That is one last thing to remember: writers are always selling somebody out.
The future always looks good in the golden land, because no one remembers the past.
a place where little is bright or graceful, where it is routine to misplace the future and easy to start looking for it in bed.
Joan Baez was a personality before she was entirely a person, and, like anyone to whom that happens, she is in a sense the hapless victim of what others have seen in her, written about her, wanted her to be and not to be.
Now, at an age when the wounds begin to heal whether one wants them to or not,
As it happens I am comfortable with the Michael Laskis of this world, with those who live outside rather than in, those in whom the sense of dread is so acute that they turn to extreme and doomed commitments; I know something about dread myself, and appreciate the elaborate systems with which some people manage to fill the void, appreciate all the opiates of the people, whether they are as accessible as alcohol and heroin and promiscuity or as hard to come by as faith in God or History.
Our favorite people and our favorite stories become so not by any inherent virtue, but because they illustrate something deep in the grain, something unadmitted.
I think we are well advised to keep on nodding terms with the people we used to be, whether we find them attractive company or not.
The dismal fact is that self-respect has nothing to do with the approval of others—who are, after all, deceived easily enough;
However long we postpone it, we eventually lie down alone in that notoriously uncomfortable bed, the one we make ourselves. Whether or not we sleep in it depends, of course, on whether or not we respect ourselves.
They are willing to invest something of themselves; they may not play at all, but when they do play, they know the odds.
If we have been taught to keep our promises—if, in the simplest terms, our upbringing is good enough—we stay with the body, or have bad dreams.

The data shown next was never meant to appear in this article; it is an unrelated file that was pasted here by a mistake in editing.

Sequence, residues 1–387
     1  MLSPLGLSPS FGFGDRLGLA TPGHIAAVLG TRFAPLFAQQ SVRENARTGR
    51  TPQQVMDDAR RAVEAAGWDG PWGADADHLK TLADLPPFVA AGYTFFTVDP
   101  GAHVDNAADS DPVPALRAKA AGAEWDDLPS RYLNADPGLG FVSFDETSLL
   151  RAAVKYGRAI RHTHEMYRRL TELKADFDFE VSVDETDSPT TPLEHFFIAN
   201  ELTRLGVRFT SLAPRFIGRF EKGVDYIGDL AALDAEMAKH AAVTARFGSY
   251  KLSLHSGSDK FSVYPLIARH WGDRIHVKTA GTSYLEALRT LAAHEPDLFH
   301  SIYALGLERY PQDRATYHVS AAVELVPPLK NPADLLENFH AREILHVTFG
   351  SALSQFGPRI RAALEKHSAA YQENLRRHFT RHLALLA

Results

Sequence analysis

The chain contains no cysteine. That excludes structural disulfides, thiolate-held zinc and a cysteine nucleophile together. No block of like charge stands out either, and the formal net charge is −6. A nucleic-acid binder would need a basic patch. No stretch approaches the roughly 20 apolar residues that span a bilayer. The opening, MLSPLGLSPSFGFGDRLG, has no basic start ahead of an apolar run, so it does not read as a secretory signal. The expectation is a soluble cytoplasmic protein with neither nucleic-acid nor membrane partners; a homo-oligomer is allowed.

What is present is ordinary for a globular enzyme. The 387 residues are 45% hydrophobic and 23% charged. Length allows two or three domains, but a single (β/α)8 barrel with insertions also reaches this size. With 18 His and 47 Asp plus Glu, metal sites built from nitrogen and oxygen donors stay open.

Of course we would all like to “believe” in something, like to assuage our private guilts in public causes, like to lose our tiresome selves; like, perhaps, to transform the white flag of defeat at home into the brave white banner of battle away from home. And of course it is all right to do that; that is how, immemorially, things have gotten done.
Because when we start deceiving ourselves into thinking not that we want something or need something, not that it is a pragmatic necessity for us to have it, but that it is a moral imperative that we have it, then is when we join the fashionable madmen, and then is when the thin whine of hysteria is heard in the land, and then is when we are in bad trouble. And I suspect we are already there.
She is an open and trusting child, unprepared for and unaccustomed to the ambushes of family life, and perhaps it is just as well that I can offer her little of that life.
It is hard to find California now, unsettling to wonder how much of it was merely imagined or improvised; melancholy to realize how much of anyone’s memory is no true memory at all but only the traces of someone else’s memory, stories handed down on the family network.
Misinformation about rattlesnakes is a leitmotiv of the insomniac imagination in Los Angeles.
That was the year, my twenty-eighth, when I was discovering that not all of the promises would be kept, that some things are in fact irrevocable and that it had counted after all, every evasion and every procrastination, every mistake, every word, all of it.
the canker, you see, was already in the rose
Everything that was said to me I seemed to have heard before, and I could no longer listen.
All I mean is that I was very young in New York, and that at some point the golden rhythm was broken, and I am not that young any more.